Educators frequently find themselves navigating leadership and decision-making roles with little to no job-specific training in how to gain buy-in, generate innovative ideas, and build strong teams. To empower these leaders, it's essential to provide them with professional learning content that goes beyond theory, offering practical tools to initiate successful change and guide the implementation process.
Team-based decision-making, driven by data analysis and collective expertise, is at the heart of MTSS practice. As school psychologist, author, and researcher Gary Shaffer aptly expressed, "It's about supporting the students, but it's also about empowering adults to make decisions together."
Principals, YOU are the most essential component in successfully implementing any initiative. At the same time, building a collaborative team of teacher-leaders is the key to long-term success. Just as a structural engineer collaborates with architects to build a strong foundation for a home, principals need to build a coalition of teachers to design and implement an effective Multi-Tiered System of Supports (MTSS) to meet the needs of all students.
A robust and continuous MTSS (Multi-Tiered System of Supports) program has been proven to lead to more positive school environments, more robust core instruction, and effective interventions. However, getting the cart rolling and everyone on board is not an easy task.
"We must recognize that the status quo is comfortable for many adults. But comfort should never come at the cost of our students' potential."
- AJ Crabill, Former School Board Member and Author
You see the need for an MTSS platform to streamline and support your work with students, but how do you bring others on board, especially when you’re not “the boss?” First, don’t discount your influence with the decision-makers in your school district! As someone directly involved in providing instruction and intervention for struggling students, your perspective and experience can be a compelling agent for change, but only if you speak up and carefully make your case.
Note: This blog was originally published in March 2021 and has since been updated.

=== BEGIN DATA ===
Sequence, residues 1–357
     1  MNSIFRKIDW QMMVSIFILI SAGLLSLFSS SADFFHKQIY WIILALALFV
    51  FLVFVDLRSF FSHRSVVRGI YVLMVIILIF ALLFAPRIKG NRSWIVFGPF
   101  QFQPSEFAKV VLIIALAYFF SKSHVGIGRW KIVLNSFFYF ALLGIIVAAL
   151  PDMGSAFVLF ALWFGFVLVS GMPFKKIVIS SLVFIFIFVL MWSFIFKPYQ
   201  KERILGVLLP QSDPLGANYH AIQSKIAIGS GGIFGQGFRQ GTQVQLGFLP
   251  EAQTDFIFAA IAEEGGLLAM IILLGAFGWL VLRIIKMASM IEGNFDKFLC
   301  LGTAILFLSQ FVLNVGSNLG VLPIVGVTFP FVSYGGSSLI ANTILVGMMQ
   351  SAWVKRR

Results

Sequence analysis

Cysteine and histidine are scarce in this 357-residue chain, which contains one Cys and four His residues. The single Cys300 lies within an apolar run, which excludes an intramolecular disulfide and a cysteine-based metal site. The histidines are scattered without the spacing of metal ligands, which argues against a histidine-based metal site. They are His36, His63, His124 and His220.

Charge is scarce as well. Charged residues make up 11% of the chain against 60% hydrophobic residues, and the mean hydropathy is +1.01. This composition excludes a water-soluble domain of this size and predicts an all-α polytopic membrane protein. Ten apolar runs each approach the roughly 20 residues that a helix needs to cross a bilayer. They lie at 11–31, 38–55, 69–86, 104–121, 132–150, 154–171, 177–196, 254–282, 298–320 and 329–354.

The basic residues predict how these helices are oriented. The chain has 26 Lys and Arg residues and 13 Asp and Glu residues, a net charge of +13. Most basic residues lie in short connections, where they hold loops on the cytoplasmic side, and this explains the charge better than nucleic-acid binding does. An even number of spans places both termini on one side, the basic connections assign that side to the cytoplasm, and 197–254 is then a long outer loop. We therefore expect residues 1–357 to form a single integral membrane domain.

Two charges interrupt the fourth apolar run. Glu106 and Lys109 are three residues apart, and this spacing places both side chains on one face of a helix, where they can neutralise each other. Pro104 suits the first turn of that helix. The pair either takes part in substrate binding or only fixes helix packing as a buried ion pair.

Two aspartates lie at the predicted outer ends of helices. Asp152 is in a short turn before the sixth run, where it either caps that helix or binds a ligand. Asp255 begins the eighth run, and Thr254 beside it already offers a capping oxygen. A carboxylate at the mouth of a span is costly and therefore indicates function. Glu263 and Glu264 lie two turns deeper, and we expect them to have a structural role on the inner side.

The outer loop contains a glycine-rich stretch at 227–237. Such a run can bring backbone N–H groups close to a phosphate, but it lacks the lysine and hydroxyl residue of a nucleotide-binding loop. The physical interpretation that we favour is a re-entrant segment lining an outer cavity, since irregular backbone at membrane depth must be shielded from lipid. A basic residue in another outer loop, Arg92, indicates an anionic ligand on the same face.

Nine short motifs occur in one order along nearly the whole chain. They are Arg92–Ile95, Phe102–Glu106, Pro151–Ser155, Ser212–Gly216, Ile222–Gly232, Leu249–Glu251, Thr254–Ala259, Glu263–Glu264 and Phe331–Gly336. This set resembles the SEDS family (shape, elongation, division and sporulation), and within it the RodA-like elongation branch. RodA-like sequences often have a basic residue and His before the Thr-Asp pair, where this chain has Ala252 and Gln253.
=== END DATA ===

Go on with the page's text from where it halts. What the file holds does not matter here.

School leaders, I’d like to circle back with you to think about how you are developing your staff across your school and/or district. A couple of years ago, in this blog on building capacity, I shared the “who, how, and why we don’t” of leaders intentionally building capacity for leadership, sharing their talents and experience more broadly…in essence bringing all you can so that all of your staff and students benefit from every ounce of “know-how” possible!
The original blog post below was created in 2021. Although most aspects of it are still valid and important to apply in the context of communicating about MTSS, I could not republish this without an update that would take into consideration our new ways of learning and communicating since the pandemic, and the speed with which we have embraced new technologies, change, and ways of pivoting quickly. So here is what I would love for each reader to consider as you read this article:
One of my mistakes as a new instructional coach was applying my understanding of student learning directly to the adult professional development sessions I led. My goal was to model instructional practices and strategies that worked with students. However, my super fun, get-out-of-the-seat learning games were not as engaging or appropriate for adult learners. I quickly realized that training for my peers would look vastly different than for a classroom full of 8th graders.
In the spring, the world comes alive with extreme growth. Plants blossom. Anyone with a yard or a garden knows that as growth happens, it requires patience and perseverance to help the garden become fruitful. From planting the seeds to watering, weeding, and nurturing the plants, countless tasks go into creating a thriving garden. In the same way, tending to your Multi-Tiered System of Supports requires patience, time, and attention to help your practice thrive.